Mon-Sat, 10am-5pm; Sun, 1pm-5pm
B, D, F, V at 47th-50th Sts.-Rockefeller Center
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Beating out its archrival Sotheby's expansion by a few years, Christie's opened its new 300,000-square foot facility at Rockefeller Center in 1998. Years of fierce one-upmanship basically brought the two houses to parity in terms of profits and curatorial focus, but Christie's maintains a slightly more patrician air—thanks to a history of dealing with the estates of the English aristocracy since the 1700s, and the fact that Sotheby's only became a serious competitor at the start of the 20th century. Christie's flagship location is open to all, though the stark double-height atrium decorated with a monumental Sol LeWitt mural doesn’t make this readily apparent. The main lobby, through a small passageway, is much more welcoming. To the left, visitors will find expansive and well-lit first-floor galleries. A grand staircase leads up to the private viewing rooms and two auction halls which are converted into one exhibition space when a particularly large show calls for it. Items to be sold are displayed for one week prior to an auction, so you'll need to keep track of your calendar if you want to see that masterpiece before it ends up above someone’s sofa. Apart from ticketed evening auctions featuring high-profile lots, Christie's sales are free to the public—you don't need to bid to watch the action. If you do plan to purchase something, you must pre-register by phone or in person.Christie's Education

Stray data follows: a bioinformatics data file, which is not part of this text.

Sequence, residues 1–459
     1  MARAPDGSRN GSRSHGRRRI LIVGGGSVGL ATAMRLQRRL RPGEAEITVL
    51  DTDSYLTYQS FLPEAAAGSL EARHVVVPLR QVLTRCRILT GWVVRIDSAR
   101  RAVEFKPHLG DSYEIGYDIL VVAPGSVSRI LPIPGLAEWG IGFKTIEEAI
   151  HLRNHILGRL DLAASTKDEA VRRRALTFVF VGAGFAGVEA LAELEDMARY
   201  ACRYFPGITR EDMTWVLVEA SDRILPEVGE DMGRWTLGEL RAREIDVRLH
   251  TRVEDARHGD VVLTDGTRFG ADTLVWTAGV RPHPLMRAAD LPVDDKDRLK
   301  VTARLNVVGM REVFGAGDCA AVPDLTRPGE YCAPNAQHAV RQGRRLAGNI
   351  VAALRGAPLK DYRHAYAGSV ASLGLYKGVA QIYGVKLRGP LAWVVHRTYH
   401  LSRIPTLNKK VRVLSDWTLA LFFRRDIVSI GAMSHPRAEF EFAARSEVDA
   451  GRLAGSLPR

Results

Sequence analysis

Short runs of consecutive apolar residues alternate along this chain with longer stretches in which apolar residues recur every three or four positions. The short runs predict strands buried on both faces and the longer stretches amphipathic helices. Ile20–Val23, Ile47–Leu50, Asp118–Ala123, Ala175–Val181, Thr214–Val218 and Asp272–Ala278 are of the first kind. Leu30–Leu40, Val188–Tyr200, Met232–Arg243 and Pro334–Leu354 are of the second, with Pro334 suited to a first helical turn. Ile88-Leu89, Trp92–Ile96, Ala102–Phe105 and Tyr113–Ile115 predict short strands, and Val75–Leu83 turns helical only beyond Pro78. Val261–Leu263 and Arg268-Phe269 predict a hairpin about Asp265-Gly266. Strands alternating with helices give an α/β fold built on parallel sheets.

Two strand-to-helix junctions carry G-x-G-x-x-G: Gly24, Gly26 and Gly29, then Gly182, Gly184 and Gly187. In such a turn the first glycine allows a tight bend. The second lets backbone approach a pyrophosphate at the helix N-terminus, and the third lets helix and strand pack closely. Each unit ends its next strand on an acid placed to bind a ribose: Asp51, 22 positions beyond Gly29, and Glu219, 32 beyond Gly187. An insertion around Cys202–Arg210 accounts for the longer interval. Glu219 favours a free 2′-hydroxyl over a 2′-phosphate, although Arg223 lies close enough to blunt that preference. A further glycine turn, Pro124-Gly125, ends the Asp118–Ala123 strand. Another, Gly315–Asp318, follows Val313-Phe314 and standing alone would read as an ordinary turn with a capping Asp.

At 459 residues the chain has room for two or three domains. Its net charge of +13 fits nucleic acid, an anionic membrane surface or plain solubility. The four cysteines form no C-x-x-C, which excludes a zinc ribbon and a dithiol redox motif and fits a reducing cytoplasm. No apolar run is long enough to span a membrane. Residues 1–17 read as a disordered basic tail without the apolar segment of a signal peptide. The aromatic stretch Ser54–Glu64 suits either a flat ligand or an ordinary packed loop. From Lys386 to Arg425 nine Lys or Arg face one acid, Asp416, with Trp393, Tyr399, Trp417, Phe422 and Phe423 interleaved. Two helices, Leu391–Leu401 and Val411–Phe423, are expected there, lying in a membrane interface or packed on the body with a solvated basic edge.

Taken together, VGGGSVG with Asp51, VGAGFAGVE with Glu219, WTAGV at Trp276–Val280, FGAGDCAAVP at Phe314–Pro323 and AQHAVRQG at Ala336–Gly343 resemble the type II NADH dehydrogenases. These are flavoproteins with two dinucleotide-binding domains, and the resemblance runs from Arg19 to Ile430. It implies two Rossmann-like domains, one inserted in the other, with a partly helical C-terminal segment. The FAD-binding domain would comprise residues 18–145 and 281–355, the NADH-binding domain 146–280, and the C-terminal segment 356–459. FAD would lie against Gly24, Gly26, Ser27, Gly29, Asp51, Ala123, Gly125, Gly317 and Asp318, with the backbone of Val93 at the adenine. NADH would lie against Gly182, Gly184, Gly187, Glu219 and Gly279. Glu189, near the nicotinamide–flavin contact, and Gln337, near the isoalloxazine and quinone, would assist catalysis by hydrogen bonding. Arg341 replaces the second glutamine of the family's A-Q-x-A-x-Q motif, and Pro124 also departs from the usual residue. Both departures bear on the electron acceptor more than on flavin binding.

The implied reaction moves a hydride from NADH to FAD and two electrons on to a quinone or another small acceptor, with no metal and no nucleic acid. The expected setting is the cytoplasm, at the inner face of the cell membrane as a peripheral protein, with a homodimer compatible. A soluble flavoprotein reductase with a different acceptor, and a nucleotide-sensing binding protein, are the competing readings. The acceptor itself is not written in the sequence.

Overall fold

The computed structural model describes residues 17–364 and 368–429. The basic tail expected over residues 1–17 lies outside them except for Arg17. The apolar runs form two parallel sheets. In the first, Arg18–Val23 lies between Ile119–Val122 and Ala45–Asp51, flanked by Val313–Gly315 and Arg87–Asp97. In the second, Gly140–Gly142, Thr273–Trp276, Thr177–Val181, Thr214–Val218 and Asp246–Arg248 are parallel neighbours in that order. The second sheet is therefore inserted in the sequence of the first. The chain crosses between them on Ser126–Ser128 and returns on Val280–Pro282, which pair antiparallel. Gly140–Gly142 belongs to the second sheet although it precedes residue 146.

Christie's offers degree programs in modern art, connoisseurship, and the history of the art market. There are also non-degree classes and public lectures. Call 212-355-1501 for information.